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Forward: Have You Edified Your Church Lately?

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Have You Edified Your Church Lately?

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The words “edify” and “edification” appear as action words for Christians in a number of New Testament passages. By definition, to edify is to “instruct or improve (someone) morally or intellectually” (Oxford English Dictionary). The word “edifice” comes from the same root as “edify” and is a synonym for a building. In a Christian sense, it means to promote growth in wisdom, affection, grace, virtue and holiness.

Paul said, “Therefore let us pursue the things which make for peace and the things by which one may edify another” (Romans 14:19 Romans 14:19Let us therefore follow after the things which make for peace, and things with which one may edify another.
American King James Version×
). Not only that, we are admonished to “let no corrupt word proceed out of [our] mouth, but what is good for necessary edification, that it may impart grace to the hearers” (Ephesians 4:29 Ephesians 4:29Let no corrupt communication proceed out of your mouth, but that which is good to the use of edifying, that it may minister grace to the hearers.
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We have a Christian responsibility to build our church and maintain a peaceful environment. Paul writes that what we say to others in church imparts God’s grace on the hearers and helps them grow. You have an important part in building and promoting the health of your church, be it in your local congregation or through your relationships with people around the world.

In order for you to build up the Church, there are a few things you need to think about. For example, Paul mentions thought for others and self-restraint: “We then who are strong ought to bear with the scruples of the weak, and not to please ourselves. Let each of us please his neighbor for his good, leading to edification” (Romans 15:1-2 Romans 15:1-2 1 We then that are strong ought to bear the infirmities of the weak, and not to please ourselves. 2 Let every one of us please his neighbor for his good to edification.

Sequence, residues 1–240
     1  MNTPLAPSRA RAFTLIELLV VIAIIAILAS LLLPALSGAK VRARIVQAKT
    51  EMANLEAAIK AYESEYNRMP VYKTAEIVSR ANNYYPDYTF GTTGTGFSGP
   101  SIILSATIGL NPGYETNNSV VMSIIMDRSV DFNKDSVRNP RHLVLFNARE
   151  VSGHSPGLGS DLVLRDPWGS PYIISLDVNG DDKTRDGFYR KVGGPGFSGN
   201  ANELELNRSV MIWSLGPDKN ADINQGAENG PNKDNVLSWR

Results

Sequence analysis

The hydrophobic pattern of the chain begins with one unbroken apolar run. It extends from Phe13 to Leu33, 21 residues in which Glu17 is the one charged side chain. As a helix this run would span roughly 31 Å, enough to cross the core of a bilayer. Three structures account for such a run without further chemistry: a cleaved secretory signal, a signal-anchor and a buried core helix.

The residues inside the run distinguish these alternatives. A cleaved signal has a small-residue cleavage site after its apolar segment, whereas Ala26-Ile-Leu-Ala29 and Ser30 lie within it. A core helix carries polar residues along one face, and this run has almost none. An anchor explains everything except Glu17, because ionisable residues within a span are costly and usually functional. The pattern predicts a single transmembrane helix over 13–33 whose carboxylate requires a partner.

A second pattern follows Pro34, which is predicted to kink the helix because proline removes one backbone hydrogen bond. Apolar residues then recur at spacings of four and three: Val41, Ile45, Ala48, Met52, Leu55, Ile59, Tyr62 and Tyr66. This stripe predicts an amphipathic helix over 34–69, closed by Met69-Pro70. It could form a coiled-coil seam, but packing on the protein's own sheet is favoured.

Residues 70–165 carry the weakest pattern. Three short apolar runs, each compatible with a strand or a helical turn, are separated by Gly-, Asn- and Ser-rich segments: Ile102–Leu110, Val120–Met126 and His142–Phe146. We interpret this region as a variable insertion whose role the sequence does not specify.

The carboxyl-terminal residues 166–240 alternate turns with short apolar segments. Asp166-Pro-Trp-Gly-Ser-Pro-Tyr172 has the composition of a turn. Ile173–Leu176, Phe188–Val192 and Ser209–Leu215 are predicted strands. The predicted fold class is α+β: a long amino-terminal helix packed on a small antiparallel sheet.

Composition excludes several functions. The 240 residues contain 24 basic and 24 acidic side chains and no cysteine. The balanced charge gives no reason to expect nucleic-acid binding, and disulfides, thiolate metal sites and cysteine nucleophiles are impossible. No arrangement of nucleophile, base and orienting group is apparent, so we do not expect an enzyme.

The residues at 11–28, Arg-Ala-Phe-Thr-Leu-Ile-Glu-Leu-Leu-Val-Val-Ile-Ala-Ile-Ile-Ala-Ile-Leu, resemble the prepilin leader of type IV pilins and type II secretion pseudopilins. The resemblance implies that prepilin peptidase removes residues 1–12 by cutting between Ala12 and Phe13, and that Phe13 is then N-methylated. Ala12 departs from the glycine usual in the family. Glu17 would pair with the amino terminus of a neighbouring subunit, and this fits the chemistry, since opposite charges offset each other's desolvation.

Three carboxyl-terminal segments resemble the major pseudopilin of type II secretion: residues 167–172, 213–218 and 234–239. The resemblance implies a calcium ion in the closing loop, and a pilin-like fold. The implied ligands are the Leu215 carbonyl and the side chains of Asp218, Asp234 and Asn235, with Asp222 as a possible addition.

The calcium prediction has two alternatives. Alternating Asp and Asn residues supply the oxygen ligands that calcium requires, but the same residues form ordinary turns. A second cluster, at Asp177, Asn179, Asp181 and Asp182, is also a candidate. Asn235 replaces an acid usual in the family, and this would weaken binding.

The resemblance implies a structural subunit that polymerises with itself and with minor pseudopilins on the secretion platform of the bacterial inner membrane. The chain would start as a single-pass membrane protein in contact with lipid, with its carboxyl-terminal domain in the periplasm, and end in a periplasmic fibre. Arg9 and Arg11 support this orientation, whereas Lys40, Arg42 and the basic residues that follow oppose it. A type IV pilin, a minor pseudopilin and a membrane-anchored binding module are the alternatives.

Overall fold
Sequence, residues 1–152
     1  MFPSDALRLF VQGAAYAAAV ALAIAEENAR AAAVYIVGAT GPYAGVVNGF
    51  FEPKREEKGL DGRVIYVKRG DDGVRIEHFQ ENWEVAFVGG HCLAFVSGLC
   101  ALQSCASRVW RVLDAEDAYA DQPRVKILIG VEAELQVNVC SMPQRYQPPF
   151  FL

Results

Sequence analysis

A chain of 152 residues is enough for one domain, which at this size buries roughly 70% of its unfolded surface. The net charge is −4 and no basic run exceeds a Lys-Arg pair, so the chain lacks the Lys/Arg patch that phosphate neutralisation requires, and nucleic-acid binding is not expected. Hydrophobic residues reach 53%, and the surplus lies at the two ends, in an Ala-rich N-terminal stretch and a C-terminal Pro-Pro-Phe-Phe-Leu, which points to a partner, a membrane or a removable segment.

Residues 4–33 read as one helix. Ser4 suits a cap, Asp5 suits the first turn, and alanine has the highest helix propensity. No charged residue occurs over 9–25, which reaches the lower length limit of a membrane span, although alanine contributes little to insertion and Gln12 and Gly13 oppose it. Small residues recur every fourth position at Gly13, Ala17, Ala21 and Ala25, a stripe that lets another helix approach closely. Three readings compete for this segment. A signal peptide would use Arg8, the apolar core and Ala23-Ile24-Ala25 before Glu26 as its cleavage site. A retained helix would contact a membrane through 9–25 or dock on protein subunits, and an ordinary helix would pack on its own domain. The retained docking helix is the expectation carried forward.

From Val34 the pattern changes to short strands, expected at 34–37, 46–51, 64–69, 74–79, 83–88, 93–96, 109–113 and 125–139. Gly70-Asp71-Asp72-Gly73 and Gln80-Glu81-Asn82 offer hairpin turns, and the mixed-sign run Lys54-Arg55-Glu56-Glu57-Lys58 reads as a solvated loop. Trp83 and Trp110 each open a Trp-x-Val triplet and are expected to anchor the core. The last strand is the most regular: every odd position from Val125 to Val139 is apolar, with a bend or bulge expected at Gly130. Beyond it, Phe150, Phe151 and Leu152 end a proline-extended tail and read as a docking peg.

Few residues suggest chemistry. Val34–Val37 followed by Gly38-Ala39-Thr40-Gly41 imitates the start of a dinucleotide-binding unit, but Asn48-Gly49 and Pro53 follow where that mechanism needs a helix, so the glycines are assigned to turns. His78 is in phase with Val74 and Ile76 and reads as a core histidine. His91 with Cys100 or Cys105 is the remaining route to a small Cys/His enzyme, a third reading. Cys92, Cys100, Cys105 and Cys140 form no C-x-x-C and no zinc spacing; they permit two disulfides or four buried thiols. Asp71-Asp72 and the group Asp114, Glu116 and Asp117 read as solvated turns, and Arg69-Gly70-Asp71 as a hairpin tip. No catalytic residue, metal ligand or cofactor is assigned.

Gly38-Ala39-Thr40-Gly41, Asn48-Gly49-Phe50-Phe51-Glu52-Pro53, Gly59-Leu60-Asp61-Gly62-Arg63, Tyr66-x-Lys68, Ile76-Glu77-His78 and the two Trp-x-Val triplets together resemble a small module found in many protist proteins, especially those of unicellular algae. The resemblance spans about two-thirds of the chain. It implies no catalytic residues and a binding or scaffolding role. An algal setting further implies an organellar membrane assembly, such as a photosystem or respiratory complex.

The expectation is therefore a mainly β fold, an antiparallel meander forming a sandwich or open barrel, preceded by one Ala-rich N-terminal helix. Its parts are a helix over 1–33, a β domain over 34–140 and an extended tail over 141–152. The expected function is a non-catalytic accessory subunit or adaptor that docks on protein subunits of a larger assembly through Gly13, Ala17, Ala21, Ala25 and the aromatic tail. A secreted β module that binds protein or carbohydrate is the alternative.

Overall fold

American King James Version×
). And similarly: “All things are lawful for me, but not all things are helpful; all things are lawful for me, but not all things edify. Let no one seek his own, but each one the other’s well-being” (1 Corinthians 10:23-24 1 Corinthians 10:23-24 23 All things are lawful for me, but all things are not expedient: all things are lawful for me, but all things edify not. 24 Let no man seek his own, but every man another’s wealth.
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Everyone—even Christians—has a deep-down desire to seek their own way without thinking about other people’s feelings and needs. It was true in the earliest Christian churches, and it’s true now. But a person seeking for peace will always be asking what’s best for the entire Church and be willing to submit to others in a godly way.

Even using personal abilities and gifts needs to be for the building up of the Church and not for selfish reasons. Writing to the talented Corinthians, Paul reminded them to think of the purpose of their skills: “Even so you, since you are zealous for spiritual gifts, let it be for the edification of the church that you seek to excel” (1 Corinthians 14:12 1 Corinthians 14:12Even so you, for as much as you are zealous of spiritual gifts, seek that you may excel to the edifying of the church.
American King James Version×
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It is important to think about your words, behavior and example, because you have a significant role in the growth of the congregation you are in. You have the power to bring about a peaceful, loving spirit among your brothers. You can listen carefully to and care deeply about others. You can draw them out and give thoughtful, caring responses. It’s often this kind of sacrifice that brings about behavior in kind.

Paul mentored Timothy and advised him to watch for useless talk that brought conflict and not edification in the Church: “Charge some that they teach no other doctrine, nor give heed to fables and endless genealogies, which cause disputes rather than godly edification which is in faith” (1 Timothy 1:3-4 1 Timothy 1:3-4 3 As I sought you to abide still at Ephesus, when I went into Macedonia, that you might charge some that they teach no other doctrine, 4 Neither give heed to fables and endless genealogies, which minister questions, rather than godly edifying which is in faith: so do.
American King James Version×
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How many times have we become distracted with useless wrangling and disputes, pettiness, uncontrolled ill will and unresolved conflict? How many unpleasant and unnecessary divisions have taken place over the decades because someone tore down the Church by violating the simple yet clear instructions about what it takes to build? People became self-willed, careless with words, filled with self-importance and nonsensical conversation.

We have a wonderful opportunity to become Church-builders—those who edify and promote peace by following what Paul wrote to his congregations.

What are you doing to promote the building of your congregation? Your words and actions have far more impact than you think.  

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